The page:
'Bald Is Beautiful'

Last month was all about breast cancer... Posters and pink ribbons everywhere. Messages on Facebook.

Five years ago, one of my very young friends was diagnosed with breast cancer. I was just getting out from cancer #2... I mean, getting out of chemo #2. We talked a lot. She was very brave and recovered well.

A few months ago, she had great news to tell. She was pregnant. We all rejoiced. A new beginning after such a scare.

In September, she called me from Paris. Cancer was striking back and she was pregnant. Too early to give birth. Her oncologist decided to start chemo anyway. (This is how I learnt that far too many expectant mothers go through cancer and chemo during their pregnancy. So there are «special» chemos for them.)

I was worried of course. But my friend is a true fighter. She started chemo in France while her husband was working in a faraway country. Brave girl.

She called me not too long ago.

«Guess what? My hair has totally fallen out,» she said.

We had a good chuckle about it. Yes, I know it may sound strange... But this is the way we are. (And the topic of my post.)

«This means that your daughter will be more hairy than you when she’s born!» Now I feel really stupid of course... because I should have known better.

«Well, not really. She’s having chemo too, remember?» (Yes. For the past three months.)

My friend is a very pretty young woman with a beautiful and curly mane of hair. But I know she never felt bad when she lost her hair during chemo #1. She wanted so much to survive to care about it!

When they are told that cancer has struck (or worse - has struck back), most people kind of fall apart when they realize they may loose their hair, I know. And they should not. The problem is not theirs. It is in the eyes of the people they will meet.

Loosing your hair does not mean that you are sick. It means that you are fighting cancer with a treatment that is hopefully unkind towards cancer cells. Meanwhile your daily life and your physical appearance are quite disrupted. I’ve been through all this in one of my posts.

Today, I know that my friend’s daughter is about to be born. One hairless baby from one hairless mother. I also know that she will be one of the most beautiful babies I have ever seen.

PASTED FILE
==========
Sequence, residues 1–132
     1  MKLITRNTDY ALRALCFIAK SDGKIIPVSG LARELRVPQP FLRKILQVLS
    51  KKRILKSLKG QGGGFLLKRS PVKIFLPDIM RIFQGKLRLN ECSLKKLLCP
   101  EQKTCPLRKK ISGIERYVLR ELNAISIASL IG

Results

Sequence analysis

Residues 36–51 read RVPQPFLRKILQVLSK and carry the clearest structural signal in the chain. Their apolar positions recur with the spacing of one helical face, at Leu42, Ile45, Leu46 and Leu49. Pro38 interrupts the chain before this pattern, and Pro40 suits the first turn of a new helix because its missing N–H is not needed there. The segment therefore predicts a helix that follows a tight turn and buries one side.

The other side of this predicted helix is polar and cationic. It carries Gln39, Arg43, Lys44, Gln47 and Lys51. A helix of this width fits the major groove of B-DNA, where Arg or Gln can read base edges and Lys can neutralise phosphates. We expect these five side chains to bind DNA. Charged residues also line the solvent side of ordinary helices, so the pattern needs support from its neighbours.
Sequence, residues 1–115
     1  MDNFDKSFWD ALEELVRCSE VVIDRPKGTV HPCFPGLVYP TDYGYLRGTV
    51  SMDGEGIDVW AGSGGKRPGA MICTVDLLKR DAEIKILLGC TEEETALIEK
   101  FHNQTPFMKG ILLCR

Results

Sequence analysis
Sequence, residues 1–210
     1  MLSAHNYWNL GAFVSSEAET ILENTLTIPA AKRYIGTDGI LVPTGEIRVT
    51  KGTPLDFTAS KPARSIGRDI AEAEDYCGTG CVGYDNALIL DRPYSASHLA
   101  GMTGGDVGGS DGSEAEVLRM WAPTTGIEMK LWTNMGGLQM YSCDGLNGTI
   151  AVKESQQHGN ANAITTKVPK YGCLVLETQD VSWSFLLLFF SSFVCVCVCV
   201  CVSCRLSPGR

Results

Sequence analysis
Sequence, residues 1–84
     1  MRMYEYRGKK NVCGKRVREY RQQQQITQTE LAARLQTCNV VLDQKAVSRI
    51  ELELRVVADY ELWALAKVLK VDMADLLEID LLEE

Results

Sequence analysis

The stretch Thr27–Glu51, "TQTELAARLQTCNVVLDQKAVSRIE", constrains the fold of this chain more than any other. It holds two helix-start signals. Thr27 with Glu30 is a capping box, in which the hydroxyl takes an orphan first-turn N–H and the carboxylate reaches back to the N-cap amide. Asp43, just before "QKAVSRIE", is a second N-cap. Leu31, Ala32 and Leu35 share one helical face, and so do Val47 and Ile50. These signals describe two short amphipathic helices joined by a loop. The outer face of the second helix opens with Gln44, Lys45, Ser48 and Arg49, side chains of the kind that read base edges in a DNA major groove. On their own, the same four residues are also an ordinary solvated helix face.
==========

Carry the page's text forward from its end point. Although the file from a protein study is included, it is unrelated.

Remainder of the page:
Because you see, ‘Bald is beautiful.’ It may not be obvious to you but it can turn to be very beautiful when you fight such a dubious fight with all your strength, with all your heart.

I know that in our modern society, we tend to wish for perfection, physical perfection meaning for a lot of women having beautiful hair... besides long and thin legs! (By the way, do men really love to be bald?)

My friend’s baby will be unaturally hairless but so beautiful, I know.

Let me tell you a little story to help you understand how the problem of baldness from chemo or because of other health problems that cause alopecia only exists in your mind.

A while ago, French teenagers were asked to write a screenplay. It was a national competition. Its aim was to change the way we look at people with cancer.

The winners were 13 yrs old kids from the Junior High School of a very small town.

Here is a summary of their screenplay which became a one-reeler by Luc Besson.

It is quite cold and windy. Several mothers are watching their kids play in the public garden.

A young mother is holding a baby in her arms. She is wearing a silky scarf on her head.
The baby drops her pacifier. The mother bends down to pick it up. A gust of wind. Her scarf flies away.
She looks stricken but she cannot stand up to go get her scarf because the baby is crying now and she wants to calm her down.

The other women look away. They are obviously shocked and embarrassed.

A young girl is going down the slide. As soon as she is back on her feet, she runs to pick up the scarf.
She walks to the young mother.

«I found your hair,» she says with a huge smile on her face.

The young woman is hairless and looks deathly pale.

But she smiles at the little girl.
«Thank you so much, sweetie,» she says.
«You’re welcome,» the girl answers while she runs back to the slide.

All of a sudden, the other women start smiling too, looking relieved.

We then hear a voice: «Their hope lies in the way we look at them.»

This is the story that won first prize at the competition.

Do we need to wait until children set the example of what to do for us to change?

Yes, ‘Bald’ can be beautiful, my friends.

Welcome, welcome, dear baby girl to be born any second now! Your bald mother loves you so much and your father loves both of you, you hairless girls.

*Good Luck, and Good Night*

1 comment:

Patrick Layton said...

This is so great! Tell your friend that she is beautiful and her daughter will look even better!!!! (but that's because babies are really cute) You're both so brave and an example for all who know you. Thank you for everything Auntie Marie!